19. The Home of the Nation museum is the preserved house of Sa’ad Zaghlul, an anti-colonial activist whose exile was one of many sparks that caused the 1919 revolts against British rule. Today, his home is a dusty relic of early 20th-century Cairo, where dusty gramophone players and desks sit in dusty rooms practically untouched. Dusty taxidermy birds eerily watch over walls covered in photos and paintings of Zaghlul in his many poses: standing, sitting, orating, listening. Our tour guide is a young women who speaks at a bored, blazing pace and does not let anyone linger in the rooms, which are lighted when we enter and darkened when we leave. “This was his meeting room,” she says, “though he didn’t meet here a lot because he was exiled.” We enter the dining room: “They ate at 1:30PM here every day. They sat in these chairs. The food came from that door. Any questions?”
20. At the tomb and museum of colonial-era political agitator Mustafa Kamil, all of the paintings and sculptures were stolen during last year’s uprisings against Mubarak. All that’s left is Kamil’s immovable granite tomb. After a policeman guarding the entrance tries to tell us there’s nothing to see, an older tour guide takes us in. “Who was Mustafa Kamil?” he asks, before answering in an excited monologue about all of the man’s achievements agitating for freedom from British rule in various European capitals. He concludes with a brief video about Kamil, displayed proudly on his Blackberry at a size of one inch by one inch.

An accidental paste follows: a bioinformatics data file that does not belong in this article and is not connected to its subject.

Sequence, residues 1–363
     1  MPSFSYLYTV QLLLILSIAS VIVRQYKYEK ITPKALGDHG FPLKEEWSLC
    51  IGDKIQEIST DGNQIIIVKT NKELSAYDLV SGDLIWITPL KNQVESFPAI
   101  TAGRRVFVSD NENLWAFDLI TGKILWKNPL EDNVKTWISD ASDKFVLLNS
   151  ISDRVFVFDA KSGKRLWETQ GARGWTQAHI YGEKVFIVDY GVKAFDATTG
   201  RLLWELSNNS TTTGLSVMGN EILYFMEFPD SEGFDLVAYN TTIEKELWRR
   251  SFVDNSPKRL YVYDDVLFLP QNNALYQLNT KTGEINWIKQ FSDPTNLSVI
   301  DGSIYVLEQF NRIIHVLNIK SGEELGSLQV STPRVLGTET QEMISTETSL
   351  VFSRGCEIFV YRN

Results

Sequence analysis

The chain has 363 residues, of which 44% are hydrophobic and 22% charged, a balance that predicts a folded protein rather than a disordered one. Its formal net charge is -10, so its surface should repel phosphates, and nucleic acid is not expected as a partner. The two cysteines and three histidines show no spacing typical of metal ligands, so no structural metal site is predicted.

21. In our neighborhood, they’re running out of gas. Today, about fifty older women clustered around the gas cylinder distributor trying to get refills. Kids rolled them down the street, making the familiar sound of empty canisters scraping the rocky dirt roads. An old woman saw us trying to make our way through the clogged alley. “Foreigners!” she shouted to us, “Don’t be afraid!”
22. At the Cairo International Book Fair, Dr. Phil translated into Arabic is a big seller.
23. The first thing a young diplomat tells me when I mention an interest in journalism: “Don’t try to be a hero!”
24. Judges in charge of the investigation and prosecution of American NGO’s suggested that one of these NGO’s, the International Republican Institute (headed Sam LaHood, son of U.S. Transportation Secretary Ray LaHood), is trying to break up Egypt into multiple states. One judge said that evidence against the NGO included “maps taken from IRI’s office that had English writing on them and divided Egypt up into provinces. That seemed an attempt to link the organization to the widely propagated conspiracy theory that the US and other Western powers are seeking to carve post-Mubarak Egypt into four separate countries.”